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1930 Series 40 Wood


tomsupon1
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Thanks Taylormade.  So looking at ash it's considered a soft hardwood and is subseptable to rot.  Wouldn't a hard hardwood that is not subseptable to rot be better? I was looking at black locust.   Or is it the workability that makes ash better to use?  Or is the soft hardwood better at obsorbing the shock of constant movement while driving?

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Ash is strong, and not highly susceptible to warping.  It is almost as strong as oak, but significantly lighter.  Fasteners will stay tight in Ash.  Most wood rot in old cars was from water seepage over many decades.  Cloth tops, open touring cars, poor drainage on windows, and outdoor storage lead to rot and rust.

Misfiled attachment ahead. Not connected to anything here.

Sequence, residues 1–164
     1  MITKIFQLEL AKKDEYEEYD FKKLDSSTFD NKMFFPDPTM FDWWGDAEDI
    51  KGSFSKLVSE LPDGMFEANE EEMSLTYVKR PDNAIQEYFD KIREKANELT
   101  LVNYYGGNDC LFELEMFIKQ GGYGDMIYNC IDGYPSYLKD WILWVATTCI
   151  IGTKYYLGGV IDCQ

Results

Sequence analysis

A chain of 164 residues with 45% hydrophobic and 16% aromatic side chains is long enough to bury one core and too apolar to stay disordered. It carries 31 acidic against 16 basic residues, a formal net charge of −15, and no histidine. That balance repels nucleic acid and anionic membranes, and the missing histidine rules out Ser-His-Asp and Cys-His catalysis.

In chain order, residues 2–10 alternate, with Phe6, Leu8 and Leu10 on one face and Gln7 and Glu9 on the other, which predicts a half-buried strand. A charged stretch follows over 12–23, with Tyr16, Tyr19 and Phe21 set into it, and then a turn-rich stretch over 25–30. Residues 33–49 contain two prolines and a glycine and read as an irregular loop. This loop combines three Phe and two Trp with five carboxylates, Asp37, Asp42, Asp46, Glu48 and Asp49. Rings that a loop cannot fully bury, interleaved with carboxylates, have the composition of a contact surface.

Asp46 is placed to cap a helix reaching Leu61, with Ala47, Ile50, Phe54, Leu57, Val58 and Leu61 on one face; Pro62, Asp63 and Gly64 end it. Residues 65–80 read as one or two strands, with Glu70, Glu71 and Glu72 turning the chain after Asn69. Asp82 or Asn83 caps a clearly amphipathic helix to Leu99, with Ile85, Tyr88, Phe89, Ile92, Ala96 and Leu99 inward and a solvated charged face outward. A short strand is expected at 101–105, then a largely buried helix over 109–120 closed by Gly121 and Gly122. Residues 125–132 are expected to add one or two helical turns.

Bob Engle 

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Tom, I may be the lone contrarian here and while I believe that ash has the right qualities, I have found it to be terribly susceptible to the powder post beetle.  I own and operate a sawmill that supported my furniture making hobby for twenty years.  Ash was once plentiful here and I have sawed it and have had limited use of it for furniture.  I kiln dried my wood in a solar kiln that would achieve around 150F during the day.  I recall I made some plant stands for indoor use and I made a table saw jig and they were all coated with polyurethane.  In a matter of months I began to notice the small piles of fine dust below the plant stands and around that wooden jig.  My stockpile of kiln dried ash was in worse shape than that.  Within a year, the wood stack was completely disintegrated.  Others have had obvious success with using ash and I hope that you will as well.  I just wanted you to hear another story.